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Homeless Artists and Students Redefine the House and Home

By Alex Tang, Contributing Writer

The idea of “home” is one that is easy to take for granted—a place of consistency and security that remains the same no matter how life changes otherwise. However, for many, taking home for granted is not an option; the question “What is home?” requires more reflection. This question was the theme of the show “House, Home”in the Student Organization Center at Hilles (SOCH) last Thursday. In this exhibition, the concepts of home and domesticity were examined through the artwork of Harvard students and Boston’s homeless or formerly homeless artists.

“House, Home” displayed work from 23 student artists and 12 artists from St. Francis House, the largest day shelter in New England. St. Francis offers an open access art studio, complete with paints, plasters, and even Saori looms for weaving—all part of their Expressive Therapy Program. According to the shelter website, the Margaret Stewart Lindsay Art Studio at St. Francis House serves between 25 and 30 people a day, five days a week, every week of the year. Linda E. Dolph, an art therapist from St. Francis House, spoke at the Thursday event about the importance of the art studio to the shelter’s therapy programs. The proceeds from the sales of student artwork at the SOCH went directly to the Massachusetts Housing and Shelter Alliance, while the profits of sales for St. Francis House art went directly to the artists.

“House, Home,” curated by Kristen L. Cronon ’12, included a mixture of photography, painting, drawing, film, and other media. Cronon said of her inspiration for the show: “My work at the Harvard Square Homeless Shelter is part of [why] I reflect on what makes something a home. What are the resources and people you [depend] on when you don’t have a physical home to create that sense of groundedness.” In this vein, Cronon selected pieces that felt personal and specific to the artist.

“House, Home” was displayed with impeccable design, thanks to the efforts of Cronon and Qichen Zhang ’12, who were in charge of arranging the evening’s exhibit. The SOCH Penthouse’s floor-to-ceiling windows were a clean, black background for the suspended frames of artwork. Tthe window panes lent the gallery a simple, minimalist feel and threw the art itself into sharp focus.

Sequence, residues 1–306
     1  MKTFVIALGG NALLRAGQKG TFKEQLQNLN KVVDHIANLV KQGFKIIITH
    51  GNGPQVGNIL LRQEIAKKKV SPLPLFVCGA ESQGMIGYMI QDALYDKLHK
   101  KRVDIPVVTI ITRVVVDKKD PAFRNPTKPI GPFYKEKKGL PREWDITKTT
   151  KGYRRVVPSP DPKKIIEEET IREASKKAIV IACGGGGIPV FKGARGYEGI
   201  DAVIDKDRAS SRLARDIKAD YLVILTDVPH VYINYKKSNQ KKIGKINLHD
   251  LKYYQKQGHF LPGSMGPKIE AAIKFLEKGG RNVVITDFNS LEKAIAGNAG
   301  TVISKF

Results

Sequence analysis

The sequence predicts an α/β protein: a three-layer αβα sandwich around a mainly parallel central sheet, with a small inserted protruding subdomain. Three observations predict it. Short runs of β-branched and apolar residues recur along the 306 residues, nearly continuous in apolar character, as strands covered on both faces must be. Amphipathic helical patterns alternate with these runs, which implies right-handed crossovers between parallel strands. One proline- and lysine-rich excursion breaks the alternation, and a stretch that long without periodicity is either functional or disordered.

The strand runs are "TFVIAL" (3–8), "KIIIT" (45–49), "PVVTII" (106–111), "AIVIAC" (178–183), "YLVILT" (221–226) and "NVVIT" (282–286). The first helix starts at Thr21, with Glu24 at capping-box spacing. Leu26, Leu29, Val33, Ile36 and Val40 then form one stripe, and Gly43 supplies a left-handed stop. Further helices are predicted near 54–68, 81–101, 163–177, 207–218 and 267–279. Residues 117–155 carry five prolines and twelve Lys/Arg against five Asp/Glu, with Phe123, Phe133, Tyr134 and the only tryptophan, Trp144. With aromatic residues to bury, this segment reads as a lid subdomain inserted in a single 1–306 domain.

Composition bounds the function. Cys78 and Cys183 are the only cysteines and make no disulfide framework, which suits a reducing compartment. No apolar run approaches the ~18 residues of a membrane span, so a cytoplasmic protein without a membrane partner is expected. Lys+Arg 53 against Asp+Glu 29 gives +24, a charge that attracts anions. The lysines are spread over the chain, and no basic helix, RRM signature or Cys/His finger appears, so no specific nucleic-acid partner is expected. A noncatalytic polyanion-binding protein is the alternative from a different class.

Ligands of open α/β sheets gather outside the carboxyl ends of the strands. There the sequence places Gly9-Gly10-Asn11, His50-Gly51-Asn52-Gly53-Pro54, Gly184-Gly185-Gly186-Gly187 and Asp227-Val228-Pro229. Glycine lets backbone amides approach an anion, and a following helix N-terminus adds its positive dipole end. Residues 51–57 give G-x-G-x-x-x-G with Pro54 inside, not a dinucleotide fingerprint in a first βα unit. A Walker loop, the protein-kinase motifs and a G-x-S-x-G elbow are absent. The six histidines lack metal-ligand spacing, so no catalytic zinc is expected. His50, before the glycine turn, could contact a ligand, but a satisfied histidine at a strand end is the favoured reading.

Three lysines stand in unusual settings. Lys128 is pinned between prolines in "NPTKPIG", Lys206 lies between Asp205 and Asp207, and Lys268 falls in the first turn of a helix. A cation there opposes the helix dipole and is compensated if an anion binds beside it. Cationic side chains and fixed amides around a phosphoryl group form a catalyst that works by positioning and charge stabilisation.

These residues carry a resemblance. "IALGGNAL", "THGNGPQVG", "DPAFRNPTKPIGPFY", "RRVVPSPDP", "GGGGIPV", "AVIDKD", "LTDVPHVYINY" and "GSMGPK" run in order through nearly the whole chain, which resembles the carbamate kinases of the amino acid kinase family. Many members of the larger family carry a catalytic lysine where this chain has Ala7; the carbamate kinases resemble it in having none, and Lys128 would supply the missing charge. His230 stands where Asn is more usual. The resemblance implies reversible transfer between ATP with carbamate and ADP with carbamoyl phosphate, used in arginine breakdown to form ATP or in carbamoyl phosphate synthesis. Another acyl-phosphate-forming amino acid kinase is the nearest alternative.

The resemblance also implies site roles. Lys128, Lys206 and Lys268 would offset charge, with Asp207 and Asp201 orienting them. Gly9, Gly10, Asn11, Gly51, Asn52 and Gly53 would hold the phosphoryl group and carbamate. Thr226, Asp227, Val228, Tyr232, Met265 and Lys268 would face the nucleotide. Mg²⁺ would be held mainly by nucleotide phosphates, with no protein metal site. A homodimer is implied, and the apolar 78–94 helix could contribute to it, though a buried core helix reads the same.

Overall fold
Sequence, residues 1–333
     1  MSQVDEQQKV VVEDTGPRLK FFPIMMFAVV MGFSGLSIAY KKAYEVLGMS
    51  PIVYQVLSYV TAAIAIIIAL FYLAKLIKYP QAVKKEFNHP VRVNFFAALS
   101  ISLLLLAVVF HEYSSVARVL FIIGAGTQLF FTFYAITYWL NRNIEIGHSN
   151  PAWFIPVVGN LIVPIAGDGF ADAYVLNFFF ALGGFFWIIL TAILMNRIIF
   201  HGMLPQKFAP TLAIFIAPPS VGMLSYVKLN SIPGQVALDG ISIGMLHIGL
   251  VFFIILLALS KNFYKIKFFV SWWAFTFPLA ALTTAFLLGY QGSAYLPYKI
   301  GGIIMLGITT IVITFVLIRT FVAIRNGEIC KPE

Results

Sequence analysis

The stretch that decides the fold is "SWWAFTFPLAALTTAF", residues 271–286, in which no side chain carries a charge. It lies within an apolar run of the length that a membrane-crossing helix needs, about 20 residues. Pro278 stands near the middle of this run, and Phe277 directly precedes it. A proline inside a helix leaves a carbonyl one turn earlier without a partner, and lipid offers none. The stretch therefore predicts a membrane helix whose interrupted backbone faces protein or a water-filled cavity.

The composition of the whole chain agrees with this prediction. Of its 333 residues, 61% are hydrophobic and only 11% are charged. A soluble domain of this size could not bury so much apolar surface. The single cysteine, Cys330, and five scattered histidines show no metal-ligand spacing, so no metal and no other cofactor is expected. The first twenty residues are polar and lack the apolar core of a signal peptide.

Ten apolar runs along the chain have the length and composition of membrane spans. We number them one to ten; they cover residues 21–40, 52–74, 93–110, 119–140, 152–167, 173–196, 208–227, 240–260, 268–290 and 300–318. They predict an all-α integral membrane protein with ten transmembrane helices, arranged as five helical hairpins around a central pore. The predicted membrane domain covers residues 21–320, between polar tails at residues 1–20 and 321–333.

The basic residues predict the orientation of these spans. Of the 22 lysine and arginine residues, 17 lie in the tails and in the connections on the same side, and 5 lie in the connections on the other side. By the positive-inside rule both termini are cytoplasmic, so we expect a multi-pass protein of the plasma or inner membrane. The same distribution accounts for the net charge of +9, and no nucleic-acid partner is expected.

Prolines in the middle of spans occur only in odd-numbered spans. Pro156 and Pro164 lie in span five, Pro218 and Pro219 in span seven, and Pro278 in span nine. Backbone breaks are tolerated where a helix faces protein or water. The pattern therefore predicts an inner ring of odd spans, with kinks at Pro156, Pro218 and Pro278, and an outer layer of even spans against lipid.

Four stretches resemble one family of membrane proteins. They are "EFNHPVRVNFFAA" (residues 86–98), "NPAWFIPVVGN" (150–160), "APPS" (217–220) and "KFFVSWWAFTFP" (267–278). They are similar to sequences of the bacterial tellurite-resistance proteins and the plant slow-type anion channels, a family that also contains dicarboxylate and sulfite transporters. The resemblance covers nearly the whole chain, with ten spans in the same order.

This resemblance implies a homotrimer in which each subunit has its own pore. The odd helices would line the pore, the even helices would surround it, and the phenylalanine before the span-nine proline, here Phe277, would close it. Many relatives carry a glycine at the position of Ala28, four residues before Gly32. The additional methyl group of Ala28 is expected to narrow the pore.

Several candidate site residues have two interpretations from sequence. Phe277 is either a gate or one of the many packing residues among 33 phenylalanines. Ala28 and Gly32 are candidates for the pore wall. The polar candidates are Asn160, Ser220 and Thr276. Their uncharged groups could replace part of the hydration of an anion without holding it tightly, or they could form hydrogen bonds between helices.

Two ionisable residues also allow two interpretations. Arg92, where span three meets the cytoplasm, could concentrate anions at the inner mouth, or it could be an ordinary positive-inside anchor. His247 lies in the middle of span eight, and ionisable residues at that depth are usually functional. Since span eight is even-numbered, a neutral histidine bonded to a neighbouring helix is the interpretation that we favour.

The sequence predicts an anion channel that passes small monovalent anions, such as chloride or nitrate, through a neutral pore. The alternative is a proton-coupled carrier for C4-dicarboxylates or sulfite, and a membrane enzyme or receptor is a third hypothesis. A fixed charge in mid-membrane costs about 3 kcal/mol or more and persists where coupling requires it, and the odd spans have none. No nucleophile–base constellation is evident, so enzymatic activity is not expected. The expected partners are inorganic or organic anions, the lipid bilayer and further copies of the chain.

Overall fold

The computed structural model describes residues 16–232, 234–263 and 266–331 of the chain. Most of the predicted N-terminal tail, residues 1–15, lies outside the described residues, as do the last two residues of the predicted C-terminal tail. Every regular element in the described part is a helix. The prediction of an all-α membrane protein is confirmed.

The artwork was arranged not by artist or subject, but in groups that best juxtaposed the works. The juxtaposition of “In the Closet” by Loretta Jarak, a St. Francis House artist, and “2511” by Caroline M. Cuse ’15 challenged the conventional definition of home. “2511” was a photograph of the boxy, unwelcoming white exterior of a home with small windows and a gravel yard, while “In the Closet,” an abstract painting with no distinct structures, contained only two human figures.

Also present at the show last Thursday was guest of St. Francis House and painter Efon D. Elad. At “House, Home” Elad exhibited a painting called “The pass by the city lake,” a colorful depiction of a car on a street carved into the rock of a hillside overlooking a city and a lake. Reflecting on his beloved home, Elad spoke about his experience as an immigrant from Cameroon. He said, “My greatest ambition growing up was to come to the United States like Eddie Murphy.” Elad delivered a short but touching talk about how losing his job making sheetrock turned his world upside down, and how he found solace in painting at St. Francis House. “When I started painting, it was like nothing else existed,” said Elad. In this vein, “House, Home” showed that an artistic sense of “home” can transcend ownership of a house key.

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